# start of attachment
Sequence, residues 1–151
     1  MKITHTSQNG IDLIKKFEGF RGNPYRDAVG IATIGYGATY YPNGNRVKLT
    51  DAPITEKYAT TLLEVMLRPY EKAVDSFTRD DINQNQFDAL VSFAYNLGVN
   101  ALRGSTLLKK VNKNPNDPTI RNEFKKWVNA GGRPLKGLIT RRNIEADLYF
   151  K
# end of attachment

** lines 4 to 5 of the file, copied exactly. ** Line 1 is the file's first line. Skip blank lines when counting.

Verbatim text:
   101  ALRGSTLLKK VNKNPNDPTI RNEFKKWVNA GGRPLKGLIT RRNIEADLYF
   151  K